For some, the holidays bring on the feeling of dred. It is just tougher for some people to make it through all the bustle without getting depressed. It could be depression due to many different things--being single and feeling alone with no one to share the holidays with, missing a loved one who passed away during the year and won't be there to share the memories. For others, it is the financial strain to buy this or that or family pressures. Some people just do not get along with family members, but holidays can force getting together with all the problems that may entail.
I was in the hospital one year around Christmas time during my 1 of 6 times spent in a psychiatric ward for being suicidal and depressed. That was a tough time. I was released on December 23rd. I have pictures of that Christmas. I got home just in time to wrap some presents for my 3 year old and wait up Christmas Eve night to set up all the goodies for her to see the next morning. My pictures tell a different story. I don't look myself in them. I see pain, vulnerability, feeling unsure, and not having much patience. On Christmas morning my daughter was wearing one of those cute onesie pajamas with the feet on them. Someone stuck a big bow on her bottom. She was SO cute! I also remember when my family got together that morning to open presents that I sort of felt paranoid that my family was looking at me to see if I was 'okay'. I was also haunted at that time that I was never going to be able to be a normal mother for my daughter--that the depression and episodes would so envelop my life that I would not be able to function as a 'good' mother. That was my biggest fear during those tough years. But God was with me through the whole thing. It was a slow process to get on the right track with the right 'recipe' of medications that suited my body chemically/physiologically.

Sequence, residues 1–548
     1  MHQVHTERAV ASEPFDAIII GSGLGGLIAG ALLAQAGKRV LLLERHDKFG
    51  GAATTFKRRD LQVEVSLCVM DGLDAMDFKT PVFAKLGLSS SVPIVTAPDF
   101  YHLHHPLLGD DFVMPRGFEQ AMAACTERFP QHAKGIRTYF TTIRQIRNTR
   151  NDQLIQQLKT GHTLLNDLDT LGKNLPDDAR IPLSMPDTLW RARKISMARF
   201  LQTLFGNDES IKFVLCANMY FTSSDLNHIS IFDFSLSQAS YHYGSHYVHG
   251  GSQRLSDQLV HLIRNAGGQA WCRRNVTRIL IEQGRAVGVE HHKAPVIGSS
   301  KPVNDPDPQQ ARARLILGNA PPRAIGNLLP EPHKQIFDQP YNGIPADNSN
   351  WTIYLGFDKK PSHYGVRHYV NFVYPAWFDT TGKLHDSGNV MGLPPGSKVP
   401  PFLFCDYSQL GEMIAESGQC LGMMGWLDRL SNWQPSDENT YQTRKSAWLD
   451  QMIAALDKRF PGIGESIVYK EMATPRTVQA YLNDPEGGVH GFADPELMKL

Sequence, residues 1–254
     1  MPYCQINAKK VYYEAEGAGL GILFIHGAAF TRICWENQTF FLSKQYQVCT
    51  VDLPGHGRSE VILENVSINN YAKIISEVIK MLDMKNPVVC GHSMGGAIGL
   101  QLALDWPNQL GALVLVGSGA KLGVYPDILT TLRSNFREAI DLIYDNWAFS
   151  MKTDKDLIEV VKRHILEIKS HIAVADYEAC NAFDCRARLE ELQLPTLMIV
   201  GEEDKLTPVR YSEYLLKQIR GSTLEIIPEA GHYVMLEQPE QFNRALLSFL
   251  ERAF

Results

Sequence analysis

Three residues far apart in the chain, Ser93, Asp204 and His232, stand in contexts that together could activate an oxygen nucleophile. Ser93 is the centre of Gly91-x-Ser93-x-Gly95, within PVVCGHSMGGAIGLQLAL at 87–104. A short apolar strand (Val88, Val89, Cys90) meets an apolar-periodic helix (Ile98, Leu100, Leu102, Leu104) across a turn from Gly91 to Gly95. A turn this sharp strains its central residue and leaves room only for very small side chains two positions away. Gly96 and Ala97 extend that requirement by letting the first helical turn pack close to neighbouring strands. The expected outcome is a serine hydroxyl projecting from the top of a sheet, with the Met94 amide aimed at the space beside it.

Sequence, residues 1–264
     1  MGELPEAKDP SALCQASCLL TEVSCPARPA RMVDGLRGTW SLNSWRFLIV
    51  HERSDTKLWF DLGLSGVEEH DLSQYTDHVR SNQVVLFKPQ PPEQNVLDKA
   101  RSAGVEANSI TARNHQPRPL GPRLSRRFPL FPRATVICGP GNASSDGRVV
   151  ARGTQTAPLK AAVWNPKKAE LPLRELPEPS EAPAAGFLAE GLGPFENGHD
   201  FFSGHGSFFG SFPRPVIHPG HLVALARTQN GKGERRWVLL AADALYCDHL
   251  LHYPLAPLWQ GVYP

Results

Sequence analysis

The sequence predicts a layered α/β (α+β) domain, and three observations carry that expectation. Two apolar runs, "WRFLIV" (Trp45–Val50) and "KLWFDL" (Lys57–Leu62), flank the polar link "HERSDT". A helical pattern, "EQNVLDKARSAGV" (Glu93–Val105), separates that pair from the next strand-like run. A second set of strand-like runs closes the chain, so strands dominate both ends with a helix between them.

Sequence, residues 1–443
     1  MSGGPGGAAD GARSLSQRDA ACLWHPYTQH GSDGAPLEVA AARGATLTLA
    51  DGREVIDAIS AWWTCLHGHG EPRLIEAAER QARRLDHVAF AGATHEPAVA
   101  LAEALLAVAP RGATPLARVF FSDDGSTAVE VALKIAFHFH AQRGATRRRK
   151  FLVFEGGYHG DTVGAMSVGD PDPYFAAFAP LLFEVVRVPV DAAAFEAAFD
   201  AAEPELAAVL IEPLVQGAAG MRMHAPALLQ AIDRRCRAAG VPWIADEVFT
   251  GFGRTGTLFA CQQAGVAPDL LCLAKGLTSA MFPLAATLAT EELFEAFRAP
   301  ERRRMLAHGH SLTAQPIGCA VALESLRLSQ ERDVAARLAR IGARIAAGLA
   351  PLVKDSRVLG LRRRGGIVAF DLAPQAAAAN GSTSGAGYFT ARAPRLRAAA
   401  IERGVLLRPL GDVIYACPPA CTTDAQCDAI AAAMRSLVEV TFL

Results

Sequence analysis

Be patient with friends and family who want to help you, but don't know how. Let them know that their concern and caring is worth its weight in gold. Happy people want to see other people happy. But they may not understand it for someone who is depressed during the holidays. As you've been given grace; give that grace to others. There are many out there who do not understand the plight of the depressed or mentally ill, but it is far better than it used to be. The stigma is still there, but people are talking about it--and that is a good thing. More people are being touched by knowing someone suffering with it--that used to not be so. And that was probably due to people not talking about it. It needs to be in the open.
So take some time to pray for those who suffer and for those who need to understand, especially in the Christian community. I believe God wants this subject to be fully realized and understood by all believers--to embrace those of us who have been in those dark depressive trenches and all believers to take it upon themselves to understand it--showing grace, mercy and above all--love.